In chapter six, Keller moves on to our personal identity, noting the differences between the traditional concept of the self being “defined and shaped by both internal desires and external social roles and ties” and our modern, Western identity based on individualism and detachment. Like the focus on individual freedom, this has enabled considerable good, such as preparing American culture for the civil rights movement. But modern identity is also problematic. Our desires are constantly changing and often contradictory, and we can’t base our sense of who we are on them. We have to filter our desires based on a set of beliefs and values, and they are obtained (mostly unconsciously) from our culture and community. Unfortunately, modern society “adulates winners and despises losers, showing contempt for weakness”, and this makes our self-worth a fragile thing. Even if we eschew material success and base our identity on the love of another, if this is lost we will be devastated.

By contrast the Christian approach to identity is based on unconditional acceptance by God. Our worth is based on the value God has placed on us, not on achievements, race or relationships – or even our efforts to be moral. But this requires humility, and includes giving up our rights to our freedoms. Keller claims that a consequence of this acceptance is the ability to freely enjoy other identity factors such as race, work, family and community ties, and this is why Christianity is by far the most culturally diverse of all religions. He offers the example of African identity, the core of which is a belief that the world is full of evil and good spirits. Secularism rejects such beliefs, while Christianity accepts this understanding of the world, and offers a solution to the problem of how one can be protected from evil spirits.

Traditionally secularism has believed in the idea of progress, but optimism is beginning to crumble in the light of issues such as climate change.But humans are future-focused, and we need hope. But where can we find it? On the individual level, death is the end of all hope. If human relationships are what makes our life meaningful , death destroys them. But this is the message of Christianity – that there is hope beyond death, that love will survive. This hope is based in the reality of the resurrection of Jesus, who has defeated death for us.

Finally, Keller examines the problem of moral obligation. Secularism struggles to give an account of moral facts or even what comprises “good”, despite secularists having strong moral opinions. In what is probably his strongest chapter, Keller introduces the moral argument for God’s existence, noting that it has influenced many sceptical friends. He notes that human rights are far from self-evident, and that Christianity offers the strongest foundation for them.

Keller then goes on to ask which of secularism or religion provides the better foundation for human rights. Secularism’s best case is that they are self-evident, while Christianity claims our worth is based on our having God’s image within us, giving every human being dignity no matter what their capacity.When it comes to justice, secularism struggles without universal, objective values that religion can provide. Yes, there is the danger of becoming the oppressors when confronting oppression, and Christianity has often done so, but this has always contradicted the gospel.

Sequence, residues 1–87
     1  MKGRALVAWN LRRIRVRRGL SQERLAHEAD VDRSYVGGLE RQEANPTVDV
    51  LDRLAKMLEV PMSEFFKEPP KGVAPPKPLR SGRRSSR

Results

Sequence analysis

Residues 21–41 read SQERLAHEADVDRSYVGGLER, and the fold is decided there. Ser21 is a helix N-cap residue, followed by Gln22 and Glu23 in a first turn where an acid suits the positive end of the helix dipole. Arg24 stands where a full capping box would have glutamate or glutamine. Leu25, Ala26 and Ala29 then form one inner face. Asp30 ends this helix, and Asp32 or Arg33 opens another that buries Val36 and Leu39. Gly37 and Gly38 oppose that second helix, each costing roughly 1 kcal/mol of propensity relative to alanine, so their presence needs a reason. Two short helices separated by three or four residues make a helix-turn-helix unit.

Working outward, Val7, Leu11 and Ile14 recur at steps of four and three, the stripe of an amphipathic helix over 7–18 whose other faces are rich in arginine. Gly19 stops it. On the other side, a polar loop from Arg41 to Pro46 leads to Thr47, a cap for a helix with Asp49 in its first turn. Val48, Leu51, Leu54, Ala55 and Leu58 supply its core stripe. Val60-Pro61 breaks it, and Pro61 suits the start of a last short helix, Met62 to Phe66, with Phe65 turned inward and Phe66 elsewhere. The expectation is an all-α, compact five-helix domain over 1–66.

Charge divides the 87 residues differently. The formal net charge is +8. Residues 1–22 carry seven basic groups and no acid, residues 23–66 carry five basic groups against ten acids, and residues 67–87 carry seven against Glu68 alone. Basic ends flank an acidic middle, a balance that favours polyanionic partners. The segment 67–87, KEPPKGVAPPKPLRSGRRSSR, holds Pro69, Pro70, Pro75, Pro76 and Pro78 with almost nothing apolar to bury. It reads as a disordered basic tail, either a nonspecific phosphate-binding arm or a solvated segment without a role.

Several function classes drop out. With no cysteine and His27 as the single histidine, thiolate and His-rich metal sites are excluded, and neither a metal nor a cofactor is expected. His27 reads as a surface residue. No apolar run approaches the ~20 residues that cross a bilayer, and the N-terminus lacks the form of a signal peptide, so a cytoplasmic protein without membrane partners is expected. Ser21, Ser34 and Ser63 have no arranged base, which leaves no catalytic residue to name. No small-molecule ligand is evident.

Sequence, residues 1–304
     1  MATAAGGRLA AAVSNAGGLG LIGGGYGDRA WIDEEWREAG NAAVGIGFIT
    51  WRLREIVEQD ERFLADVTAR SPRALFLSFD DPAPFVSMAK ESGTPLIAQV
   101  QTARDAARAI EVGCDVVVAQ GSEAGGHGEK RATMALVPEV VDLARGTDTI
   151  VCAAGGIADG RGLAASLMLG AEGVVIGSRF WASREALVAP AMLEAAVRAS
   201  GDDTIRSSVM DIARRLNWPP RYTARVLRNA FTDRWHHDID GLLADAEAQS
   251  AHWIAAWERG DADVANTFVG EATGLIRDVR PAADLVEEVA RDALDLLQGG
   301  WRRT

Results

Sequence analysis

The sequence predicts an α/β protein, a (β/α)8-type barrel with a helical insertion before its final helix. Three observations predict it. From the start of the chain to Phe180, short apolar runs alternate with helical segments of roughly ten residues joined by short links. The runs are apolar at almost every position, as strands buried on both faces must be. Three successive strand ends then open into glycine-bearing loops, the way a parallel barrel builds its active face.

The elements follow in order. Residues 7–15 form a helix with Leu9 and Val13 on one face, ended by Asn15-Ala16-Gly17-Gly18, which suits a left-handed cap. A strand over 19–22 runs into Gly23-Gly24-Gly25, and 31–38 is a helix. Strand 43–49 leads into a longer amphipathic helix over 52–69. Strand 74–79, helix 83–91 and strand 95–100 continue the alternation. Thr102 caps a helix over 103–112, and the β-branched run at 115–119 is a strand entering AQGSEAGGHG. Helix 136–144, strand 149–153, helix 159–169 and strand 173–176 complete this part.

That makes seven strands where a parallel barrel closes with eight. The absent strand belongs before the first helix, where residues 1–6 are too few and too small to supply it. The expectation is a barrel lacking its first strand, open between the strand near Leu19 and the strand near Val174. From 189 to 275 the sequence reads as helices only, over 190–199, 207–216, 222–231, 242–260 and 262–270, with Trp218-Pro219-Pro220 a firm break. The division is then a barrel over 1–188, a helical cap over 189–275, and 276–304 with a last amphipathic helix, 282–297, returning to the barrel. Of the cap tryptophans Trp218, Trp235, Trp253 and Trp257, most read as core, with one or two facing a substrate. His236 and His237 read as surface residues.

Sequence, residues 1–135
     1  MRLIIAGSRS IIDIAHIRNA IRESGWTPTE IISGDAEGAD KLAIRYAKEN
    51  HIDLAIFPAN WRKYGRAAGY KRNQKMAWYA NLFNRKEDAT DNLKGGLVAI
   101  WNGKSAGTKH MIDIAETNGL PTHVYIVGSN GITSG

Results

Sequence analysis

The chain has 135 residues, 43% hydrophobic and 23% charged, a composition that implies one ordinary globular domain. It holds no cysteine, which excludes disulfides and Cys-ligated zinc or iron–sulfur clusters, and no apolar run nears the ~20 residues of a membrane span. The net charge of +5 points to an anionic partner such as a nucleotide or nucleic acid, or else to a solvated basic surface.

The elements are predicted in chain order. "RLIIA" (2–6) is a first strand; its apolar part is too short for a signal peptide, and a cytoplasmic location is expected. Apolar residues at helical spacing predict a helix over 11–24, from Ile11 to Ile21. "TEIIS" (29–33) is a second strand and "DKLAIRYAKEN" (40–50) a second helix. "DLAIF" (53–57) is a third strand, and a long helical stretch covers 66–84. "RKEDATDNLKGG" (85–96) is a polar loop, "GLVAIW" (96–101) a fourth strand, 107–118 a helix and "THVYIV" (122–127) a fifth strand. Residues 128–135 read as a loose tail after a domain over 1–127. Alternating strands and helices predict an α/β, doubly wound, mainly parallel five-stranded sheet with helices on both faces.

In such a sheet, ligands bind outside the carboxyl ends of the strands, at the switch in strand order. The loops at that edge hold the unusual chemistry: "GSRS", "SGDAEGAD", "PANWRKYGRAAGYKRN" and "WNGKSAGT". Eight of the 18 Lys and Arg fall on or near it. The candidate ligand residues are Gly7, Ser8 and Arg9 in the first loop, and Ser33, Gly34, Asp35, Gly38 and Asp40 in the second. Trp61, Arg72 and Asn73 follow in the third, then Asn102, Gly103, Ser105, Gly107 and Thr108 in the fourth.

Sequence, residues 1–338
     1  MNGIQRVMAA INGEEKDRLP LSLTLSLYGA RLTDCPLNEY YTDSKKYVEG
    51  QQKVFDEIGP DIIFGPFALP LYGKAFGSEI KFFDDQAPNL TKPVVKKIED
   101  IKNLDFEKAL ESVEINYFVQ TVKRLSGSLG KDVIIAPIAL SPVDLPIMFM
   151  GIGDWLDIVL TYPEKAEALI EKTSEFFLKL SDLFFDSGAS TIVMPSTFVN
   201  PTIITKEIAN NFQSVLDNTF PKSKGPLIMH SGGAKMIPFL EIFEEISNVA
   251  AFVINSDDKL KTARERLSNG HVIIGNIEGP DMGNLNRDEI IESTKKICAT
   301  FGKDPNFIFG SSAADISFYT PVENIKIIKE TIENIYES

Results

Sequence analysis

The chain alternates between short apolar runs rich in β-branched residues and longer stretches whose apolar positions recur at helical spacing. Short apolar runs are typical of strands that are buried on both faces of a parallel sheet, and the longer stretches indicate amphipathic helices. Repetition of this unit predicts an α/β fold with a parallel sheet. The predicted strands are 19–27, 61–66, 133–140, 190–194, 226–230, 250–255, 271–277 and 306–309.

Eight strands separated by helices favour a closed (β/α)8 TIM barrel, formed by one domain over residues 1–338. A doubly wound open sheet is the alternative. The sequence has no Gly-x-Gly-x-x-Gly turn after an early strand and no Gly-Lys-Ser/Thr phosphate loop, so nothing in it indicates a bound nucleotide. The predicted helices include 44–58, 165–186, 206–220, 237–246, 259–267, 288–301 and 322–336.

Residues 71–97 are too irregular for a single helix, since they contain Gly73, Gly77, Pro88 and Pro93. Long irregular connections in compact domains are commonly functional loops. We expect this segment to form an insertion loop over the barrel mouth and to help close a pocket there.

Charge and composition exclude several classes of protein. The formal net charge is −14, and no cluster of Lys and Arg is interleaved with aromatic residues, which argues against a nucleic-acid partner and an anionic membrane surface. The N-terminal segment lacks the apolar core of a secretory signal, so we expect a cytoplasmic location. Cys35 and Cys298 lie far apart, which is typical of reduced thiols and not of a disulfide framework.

In his final chapters, Keller reviews his comparison of secularism and Christianity, and concludes that Christianity offers a far superior narrative. In terms of key facets of human life, meaning, satisfaction, freedom, identity, hope and justice, Christianity makes sense. It is worth considering. But is it true? To answer that question, Keller offers a concise summary of the arguments presented in The Reason for God. He concludes with Langdon Gilkey’s powerful story of selfishness in a Second World War prison camp, where rationality proved insufficient as a basis for moral obligation when resources were scarce. Instead, people saw no reason to be unselfish, and it was the rare person who could self-sacrifice. Gilkey concluded that only faith in God, exemplified by former Olympic athlete Eric Liddell who was interred in the camp, enabled people to be truly unselfish in such circumstances.

Will Making Sense of God convince secularists to take a deeper look at the arguments for Christianity?  If they are willing to put serious effort into their reading of Keller, it certainly should. It does a thorough job of exposing the assumptions secularism makes about reality, which should make anyone demanding “evidence” for the existence of God a little more cautious in their assertions. Keller’s comparison of secularism and Christianity  is thorough and well-researched, drawing on broad range of scholarly sources. Charles Taylor’s A Secular Age is a key reference, and for readers unfamiliar with this work, it would be worth reading James K. A . Smith’s How (Not) to Be Secular: Reading Charles Taylor.

Making Sense of God is not an easy read. Keller covers a lot of ground, and references many philosophical concepts that some readers may not be familiar with. Secularists will find it challenging to their worldview, while Christians will find it intensely rewarding.

Timothy Keller discusses Making Sense of God in a Mere Fidelity podcast here